“We had a lot of help from Ivor Davey who made a few small tweaks along the way,” said Peter. “He knew how much space the cows would need and suggested we make the alleyways and cubicles slightly bigger. To make room for this, he suggested that we move the feeding barriers outside and now these are in a convenient horseshoe shape around the main housing area.”

Aiming to encourage the cows to lay down as much as possible, to prevent lameness and yield losses, each of the 210 cubicles benefits from a Wilson Agri mattress and fresh bedding twice a day, as new sawdust is added in the morning and fresh sawdust is brought forwards in the afternoon.

“The environment in the unit is just superb really,” said Peter. “We have left a large space in front of the head rails which takes into account that the cows will lunge one third of their body length when they get up. This has increased lying times for the herd.”

Designed for animal welfare

Work began on the project and after installing a polytunnel (used as a lambing shed, along with hay and straw storage) and gutting the existing structure, local Pluckley-based firm FGS Pilcher were appointed to complete the civils and concreting works within the housing unit. While on site, the team also extended the farm’s clay lined lagoon.

Designed with animal welfare in mind, Peter wanted to implement a system which would not need to be accessed by machines on a regular basis and would avoid having to push cows up unnecessarily. While the Sargents still need to fetch in young heifers and gather cows for the vet routinely, a special flush wash system ensures that the cows are no longer herded around on a daily routine.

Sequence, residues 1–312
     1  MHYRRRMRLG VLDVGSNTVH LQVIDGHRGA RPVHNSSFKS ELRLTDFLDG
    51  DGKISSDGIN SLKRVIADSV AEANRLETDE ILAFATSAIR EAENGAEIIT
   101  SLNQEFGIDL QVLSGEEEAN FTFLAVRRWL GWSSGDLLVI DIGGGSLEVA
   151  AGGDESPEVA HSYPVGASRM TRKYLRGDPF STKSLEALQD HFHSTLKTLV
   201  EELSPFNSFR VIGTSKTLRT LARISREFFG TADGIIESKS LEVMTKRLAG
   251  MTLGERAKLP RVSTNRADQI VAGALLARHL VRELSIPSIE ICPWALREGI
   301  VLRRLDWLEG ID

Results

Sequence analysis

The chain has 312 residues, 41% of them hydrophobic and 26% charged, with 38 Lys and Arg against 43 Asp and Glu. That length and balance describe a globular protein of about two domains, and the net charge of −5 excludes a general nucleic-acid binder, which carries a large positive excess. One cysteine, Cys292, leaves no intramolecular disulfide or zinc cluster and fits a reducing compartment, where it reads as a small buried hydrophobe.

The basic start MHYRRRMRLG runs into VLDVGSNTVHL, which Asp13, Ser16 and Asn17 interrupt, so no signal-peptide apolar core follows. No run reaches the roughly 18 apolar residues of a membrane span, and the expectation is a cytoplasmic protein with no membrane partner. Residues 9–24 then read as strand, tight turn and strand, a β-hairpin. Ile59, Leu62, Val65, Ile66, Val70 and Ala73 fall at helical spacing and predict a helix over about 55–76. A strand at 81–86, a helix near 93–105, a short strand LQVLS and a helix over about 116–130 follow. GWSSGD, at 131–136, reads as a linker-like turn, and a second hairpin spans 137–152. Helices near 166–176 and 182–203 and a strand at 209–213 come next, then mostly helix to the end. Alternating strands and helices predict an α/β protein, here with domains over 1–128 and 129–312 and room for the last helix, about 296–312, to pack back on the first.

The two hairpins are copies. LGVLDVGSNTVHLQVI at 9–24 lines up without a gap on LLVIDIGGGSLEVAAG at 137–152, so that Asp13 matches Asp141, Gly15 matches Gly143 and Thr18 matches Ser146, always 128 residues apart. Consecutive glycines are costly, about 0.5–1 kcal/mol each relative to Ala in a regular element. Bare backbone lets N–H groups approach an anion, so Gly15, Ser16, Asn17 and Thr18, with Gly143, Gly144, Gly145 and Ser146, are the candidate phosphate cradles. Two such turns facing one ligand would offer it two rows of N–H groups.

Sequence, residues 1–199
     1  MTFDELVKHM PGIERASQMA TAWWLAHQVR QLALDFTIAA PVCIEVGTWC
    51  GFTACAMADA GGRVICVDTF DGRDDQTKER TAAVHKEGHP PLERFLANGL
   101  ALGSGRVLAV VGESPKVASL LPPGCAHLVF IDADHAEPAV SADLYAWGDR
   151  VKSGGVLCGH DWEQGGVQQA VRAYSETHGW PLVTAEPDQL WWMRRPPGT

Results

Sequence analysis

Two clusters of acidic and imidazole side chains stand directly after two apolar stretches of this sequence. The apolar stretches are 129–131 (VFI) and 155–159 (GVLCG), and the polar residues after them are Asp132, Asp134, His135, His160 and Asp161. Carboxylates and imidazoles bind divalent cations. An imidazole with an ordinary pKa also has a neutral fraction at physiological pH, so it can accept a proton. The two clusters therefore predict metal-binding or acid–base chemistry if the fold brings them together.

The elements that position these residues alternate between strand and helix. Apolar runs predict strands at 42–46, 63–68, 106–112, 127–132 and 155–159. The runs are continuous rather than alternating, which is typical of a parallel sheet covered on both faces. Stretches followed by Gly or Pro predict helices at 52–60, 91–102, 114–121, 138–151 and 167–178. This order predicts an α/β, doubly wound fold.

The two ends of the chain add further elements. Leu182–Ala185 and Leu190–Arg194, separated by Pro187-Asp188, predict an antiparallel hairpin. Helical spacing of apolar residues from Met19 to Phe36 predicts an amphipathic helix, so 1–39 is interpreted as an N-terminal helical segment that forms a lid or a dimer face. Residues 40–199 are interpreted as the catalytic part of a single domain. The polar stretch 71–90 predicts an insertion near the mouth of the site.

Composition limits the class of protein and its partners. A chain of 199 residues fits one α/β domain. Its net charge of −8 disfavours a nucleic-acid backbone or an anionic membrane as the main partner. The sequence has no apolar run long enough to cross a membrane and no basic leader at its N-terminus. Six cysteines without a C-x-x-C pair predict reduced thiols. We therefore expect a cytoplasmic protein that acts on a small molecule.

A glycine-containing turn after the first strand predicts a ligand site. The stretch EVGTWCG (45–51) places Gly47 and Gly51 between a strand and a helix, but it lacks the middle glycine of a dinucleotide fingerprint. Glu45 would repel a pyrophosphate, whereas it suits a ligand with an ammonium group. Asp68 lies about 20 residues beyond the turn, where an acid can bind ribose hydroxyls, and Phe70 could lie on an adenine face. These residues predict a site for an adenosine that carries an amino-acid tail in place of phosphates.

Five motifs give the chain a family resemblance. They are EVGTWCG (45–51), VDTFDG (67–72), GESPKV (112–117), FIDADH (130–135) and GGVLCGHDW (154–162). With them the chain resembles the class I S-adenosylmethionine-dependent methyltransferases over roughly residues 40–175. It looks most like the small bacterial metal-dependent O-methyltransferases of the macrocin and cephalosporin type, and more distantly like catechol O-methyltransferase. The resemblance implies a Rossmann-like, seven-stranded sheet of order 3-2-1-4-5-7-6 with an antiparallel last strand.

“The system flushes 3,000-litres of recycled water through one of six valves every half an hour,” said Peter. “Each valve is connected to a 10-metre high water tower, which is controlled by a pneumatic valve. Once this is released, the height of the tower provides sufficient pressure to drive the water all the way through the housing unit, which is on a 2.5% gradient, to a channel at the bottom.”

From here the waste is transferred to a separator where solids are destined for the muck heap, to be ploughed into the maize ground in the spring, and liquid is recycled back into the holding tank, which also collects wash water from the robots, plate cooling water and rainwater from the feed alleyways and silage pit.

“The flush wash system is much cleaner than using the scraper and in summer the beauty is that the floor is always wet, there is never a slurry film which is just drying,” said Peter. “Some of the concrete flooring near the valves has been slatted and we were considering retrospectively grooving the rest of the housing unit, but the system is already doing a good enough job without, and the cows have not had any issues with grip under foot either.”

Milk first system Moving from the cubicle area, the cows are able to access the feed barriers via a milk-first guided system. As they approach a drafting gate, a scanner will read the ankle tag on each animal and depending on whether or not the cow needs to be milked, it will either open a barrier leading to the feed area, or to the robotic milkers.

“The great thing about the milk first system is that it is all focused on positive reinforcement,” said Peter. “It only takes about half an hour to train them to use the drafting gates because the cows are very driven by food and no matter which way they go, they will be fed. If they don’t need milking, they have access to silage outside and if they do, they come into be milked and have access to the cake in the robots.”